March 31, 2020
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M.S. Oberoi (1898-2002) Oberoi Hotels

A man who came from a small village in Rawalpindi, he started his career in Shimla as a front desk clerk at Cecil Hotel for Rs 50 per month.

M.S. Oberoi (1898-2002) Oberoi Hotels
M.S. Oberoi (1898-2002) Oberoi Hotels
  • The grand old man of Indian hospitality has a legacy spanning 35 luxury hotels worldwide


A life of extremes, and all the moments it contains of fee­ling thwarted by fate, cannot be caught by the simplism of proverbs. ‘Rags to riches’, for instance, is offered like a shorthand fable with a uniformly rosy tint. M.S. Oberoi (1898-2002) may have bowed out of this world as the grand old man of hospitality, with a legacy spanning 35 luxury hotels worldwide, but it was a road so long that all the little milestones fade into a blur. We know the big ones. From the front desk clerk at Cecil Hotel, we telescope a generation’s life-span when, in a sentence, we say he went on to buy it 22 years later. Nor was it his first step on the ladder: that would be the purchase of The Clarke, in 1934, from his mentor. He’d mortgaged his wife’s jewellery and all his personal assets for it. Within months, Oberoi paid off his debt and moved on to his second...and then many more.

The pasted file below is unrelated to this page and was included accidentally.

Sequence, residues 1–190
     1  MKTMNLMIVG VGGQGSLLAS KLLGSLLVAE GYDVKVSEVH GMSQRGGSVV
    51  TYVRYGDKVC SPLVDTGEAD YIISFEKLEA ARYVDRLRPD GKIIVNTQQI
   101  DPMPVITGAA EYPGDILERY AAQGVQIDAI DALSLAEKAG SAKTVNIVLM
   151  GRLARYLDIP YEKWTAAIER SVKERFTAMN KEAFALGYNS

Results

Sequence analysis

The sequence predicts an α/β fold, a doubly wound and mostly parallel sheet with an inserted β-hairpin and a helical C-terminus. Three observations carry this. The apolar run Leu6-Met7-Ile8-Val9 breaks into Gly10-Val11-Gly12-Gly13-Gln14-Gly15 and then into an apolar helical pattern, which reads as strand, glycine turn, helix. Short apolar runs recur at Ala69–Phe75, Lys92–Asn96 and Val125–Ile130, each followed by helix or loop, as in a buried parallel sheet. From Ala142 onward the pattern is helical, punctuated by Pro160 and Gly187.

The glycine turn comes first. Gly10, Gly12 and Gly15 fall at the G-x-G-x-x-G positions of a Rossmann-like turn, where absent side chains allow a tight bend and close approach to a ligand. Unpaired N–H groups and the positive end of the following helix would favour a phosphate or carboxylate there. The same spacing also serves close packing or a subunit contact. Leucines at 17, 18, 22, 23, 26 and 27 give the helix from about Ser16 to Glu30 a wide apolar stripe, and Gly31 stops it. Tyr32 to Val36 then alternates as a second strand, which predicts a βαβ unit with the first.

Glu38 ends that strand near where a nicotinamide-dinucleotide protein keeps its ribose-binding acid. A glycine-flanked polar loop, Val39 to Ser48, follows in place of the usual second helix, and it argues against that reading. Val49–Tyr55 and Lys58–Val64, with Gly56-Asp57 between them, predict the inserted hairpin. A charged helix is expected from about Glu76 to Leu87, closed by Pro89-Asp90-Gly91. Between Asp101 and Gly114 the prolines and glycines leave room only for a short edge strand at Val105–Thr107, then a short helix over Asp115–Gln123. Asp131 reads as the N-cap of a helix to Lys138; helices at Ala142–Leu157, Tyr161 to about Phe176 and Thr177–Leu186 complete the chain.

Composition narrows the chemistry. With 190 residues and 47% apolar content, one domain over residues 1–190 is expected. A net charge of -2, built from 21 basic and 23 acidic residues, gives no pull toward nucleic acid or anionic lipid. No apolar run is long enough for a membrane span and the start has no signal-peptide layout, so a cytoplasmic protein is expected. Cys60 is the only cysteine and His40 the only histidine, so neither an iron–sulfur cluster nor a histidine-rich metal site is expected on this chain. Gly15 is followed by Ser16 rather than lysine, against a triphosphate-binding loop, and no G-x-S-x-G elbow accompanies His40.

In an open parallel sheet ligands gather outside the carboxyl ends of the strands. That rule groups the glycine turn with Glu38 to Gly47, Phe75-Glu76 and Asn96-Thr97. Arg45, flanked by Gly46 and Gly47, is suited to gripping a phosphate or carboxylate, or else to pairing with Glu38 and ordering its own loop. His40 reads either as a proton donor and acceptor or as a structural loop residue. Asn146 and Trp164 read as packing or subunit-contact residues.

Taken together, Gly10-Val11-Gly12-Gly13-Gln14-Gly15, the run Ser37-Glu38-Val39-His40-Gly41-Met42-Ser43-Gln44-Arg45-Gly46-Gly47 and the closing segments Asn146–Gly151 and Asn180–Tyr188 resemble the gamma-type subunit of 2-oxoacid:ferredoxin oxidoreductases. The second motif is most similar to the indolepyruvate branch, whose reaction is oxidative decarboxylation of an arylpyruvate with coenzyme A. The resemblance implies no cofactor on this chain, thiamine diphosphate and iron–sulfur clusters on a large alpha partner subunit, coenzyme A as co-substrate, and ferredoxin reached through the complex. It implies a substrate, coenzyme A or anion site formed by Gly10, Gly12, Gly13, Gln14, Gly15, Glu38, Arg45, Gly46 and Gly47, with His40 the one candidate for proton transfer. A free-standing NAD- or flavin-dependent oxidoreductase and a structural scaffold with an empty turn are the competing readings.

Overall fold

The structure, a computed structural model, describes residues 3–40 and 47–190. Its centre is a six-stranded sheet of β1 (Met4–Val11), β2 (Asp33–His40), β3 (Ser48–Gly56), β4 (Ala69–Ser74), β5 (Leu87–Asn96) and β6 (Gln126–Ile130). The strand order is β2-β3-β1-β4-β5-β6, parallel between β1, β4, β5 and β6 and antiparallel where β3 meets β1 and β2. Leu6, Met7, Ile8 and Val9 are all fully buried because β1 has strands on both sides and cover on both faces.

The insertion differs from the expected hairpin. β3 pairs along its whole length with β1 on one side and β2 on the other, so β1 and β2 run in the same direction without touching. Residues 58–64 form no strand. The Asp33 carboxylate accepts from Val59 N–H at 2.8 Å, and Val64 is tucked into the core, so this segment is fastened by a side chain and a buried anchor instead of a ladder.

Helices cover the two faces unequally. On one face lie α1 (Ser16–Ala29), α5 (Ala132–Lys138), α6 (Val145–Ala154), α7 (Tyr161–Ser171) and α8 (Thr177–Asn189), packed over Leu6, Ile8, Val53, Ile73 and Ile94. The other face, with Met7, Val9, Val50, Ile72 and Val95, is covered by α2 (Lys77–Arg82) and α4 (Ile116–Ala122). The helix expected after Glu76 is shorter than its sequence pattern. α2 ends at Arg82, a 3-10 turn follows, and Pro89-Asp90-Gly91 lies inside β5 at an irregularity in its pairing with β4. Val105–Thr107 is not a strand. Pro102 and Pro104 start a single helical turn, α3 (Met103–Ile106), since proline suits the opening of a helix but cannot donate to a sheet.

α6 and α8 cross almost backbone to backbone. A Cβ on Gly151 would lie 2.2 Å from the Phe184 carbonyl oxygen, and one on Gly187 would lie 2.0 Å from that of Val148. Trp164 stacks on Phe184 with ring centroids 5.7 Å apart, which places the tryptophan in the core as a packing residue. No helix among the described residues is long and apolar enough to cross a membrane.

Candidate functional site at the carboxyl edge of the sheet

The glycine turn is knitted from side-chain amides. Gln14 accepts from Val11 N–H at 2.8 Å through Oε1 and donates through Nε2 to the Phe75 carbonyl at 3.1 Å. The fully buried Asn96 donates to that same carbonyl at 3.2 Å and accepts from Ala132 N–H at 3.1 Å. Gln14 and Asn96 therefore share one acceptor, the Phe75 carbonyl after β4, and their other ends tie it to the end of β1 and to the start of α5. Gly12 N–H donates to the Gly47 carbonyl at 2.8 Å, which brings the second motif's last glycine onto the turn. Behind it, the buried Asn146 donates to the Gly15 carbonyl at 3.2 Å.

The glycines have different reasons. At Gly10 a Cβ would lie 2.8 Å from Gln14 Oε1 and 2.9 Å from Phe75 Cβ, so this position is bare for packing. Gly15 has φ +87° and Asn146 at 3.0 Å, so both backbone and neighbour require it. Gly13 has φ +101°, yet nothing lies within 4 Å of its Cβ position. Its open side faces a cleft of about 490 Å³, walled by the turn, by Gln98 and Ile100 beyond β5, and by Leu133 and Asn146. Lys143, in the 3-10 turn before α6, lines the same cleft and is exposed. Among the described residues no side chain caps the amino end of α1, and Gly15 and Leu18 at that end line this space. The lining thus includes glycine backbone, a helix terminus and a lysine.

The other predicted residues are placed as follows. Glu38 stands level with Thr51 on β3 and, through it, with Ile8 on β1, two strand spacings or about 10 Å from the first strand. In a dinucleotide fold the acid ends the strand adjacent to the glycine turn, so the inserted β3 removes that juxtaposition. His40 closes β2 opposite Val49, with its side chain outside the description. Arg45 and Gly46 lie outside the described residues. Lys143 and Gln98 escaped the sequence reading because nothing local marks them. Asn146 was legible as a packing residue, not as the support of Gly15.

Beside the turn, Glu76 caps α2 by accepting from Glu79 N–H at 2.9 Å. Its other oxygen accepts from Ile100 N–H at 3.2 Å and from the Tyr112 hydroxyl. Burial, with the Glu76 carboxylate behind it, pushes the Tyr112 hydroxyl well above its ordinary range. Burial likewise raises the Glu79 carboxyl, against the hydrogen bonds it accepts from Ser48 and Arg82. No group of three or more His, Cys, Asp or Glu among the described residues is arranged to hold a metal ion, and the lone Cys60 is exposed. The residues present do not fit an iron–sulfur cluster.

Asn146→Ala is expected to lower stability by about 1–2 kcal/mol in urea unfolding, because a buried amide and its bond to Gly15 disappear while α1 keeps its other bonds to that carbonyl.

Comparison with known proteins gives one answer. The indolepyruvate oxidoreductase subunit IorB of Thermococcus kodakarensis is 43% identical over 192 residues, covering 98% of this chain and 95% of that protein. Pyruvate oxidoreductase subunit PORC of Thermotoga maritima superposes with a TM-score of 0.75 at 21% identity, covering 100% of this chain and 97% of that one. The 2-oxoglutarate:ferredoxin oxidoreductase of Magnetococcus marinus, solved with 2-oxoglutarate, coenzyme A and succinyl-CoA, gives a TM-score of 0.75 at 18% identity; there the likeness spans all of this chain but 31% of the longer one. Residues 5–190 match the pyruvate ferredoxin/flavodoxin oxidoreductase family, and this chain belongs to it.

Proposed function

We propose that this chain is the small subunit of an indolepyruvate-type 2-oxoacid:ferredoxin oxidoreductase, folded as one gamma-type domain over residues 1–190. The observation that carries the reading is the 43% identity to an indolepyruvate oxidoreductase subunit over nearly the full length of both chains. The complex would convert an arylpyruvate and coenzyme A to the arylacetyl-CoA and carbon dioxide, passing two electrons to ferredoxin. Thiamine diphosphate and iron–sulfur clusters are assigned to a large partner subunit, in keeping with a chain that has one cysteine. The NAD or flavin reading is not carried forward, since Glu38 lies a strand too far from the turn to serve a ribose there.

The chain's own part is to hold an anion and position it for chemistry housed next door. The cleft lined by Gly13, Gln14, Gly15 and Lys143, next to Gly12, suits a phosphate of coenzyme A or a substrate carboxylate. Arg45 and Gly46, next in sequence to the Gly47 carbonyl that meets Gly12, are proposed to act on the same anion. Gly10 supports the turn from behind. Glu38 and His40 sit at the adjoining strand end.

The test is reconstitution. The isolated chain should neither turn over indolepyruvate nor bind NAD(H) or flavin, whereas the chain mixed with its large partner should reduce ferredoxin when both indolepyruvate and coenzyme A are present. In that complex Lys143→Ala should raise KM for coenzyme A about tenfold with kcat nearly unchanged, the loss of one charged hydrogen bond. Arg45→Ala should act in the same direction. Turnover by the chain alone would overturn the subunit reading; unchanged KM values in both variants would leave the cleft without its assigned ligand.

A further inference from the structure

His career wasn’t built on business acumen alone but through resourcefulness as well as an acute awareness of his competitors. Inder Sharma, chairman of SITA travels and once a colleague, famously recalls how Oberoi let them use his hotel space as an office: for a company that was one of his major competitors! Oberoi is known to have pioneered a trend that deepens even now—the creative conversion of old heritage buildings and palaces, keeping the traditional edifice and adding modern facilities within. He did exactly this with the Oberoi Grand in Calcutta, which he held closest to his heart. “He set the gold standard. He restrained himself to a few properties but ensured they deliver gold class performance,” says Harish Bijoor, management consultant. “The very restraint he showed is a skill in itself.” For a man who touched three centuries, and saw three stints in Parliament, life itself was an edifice erected, in that quintessential Oberoi style.

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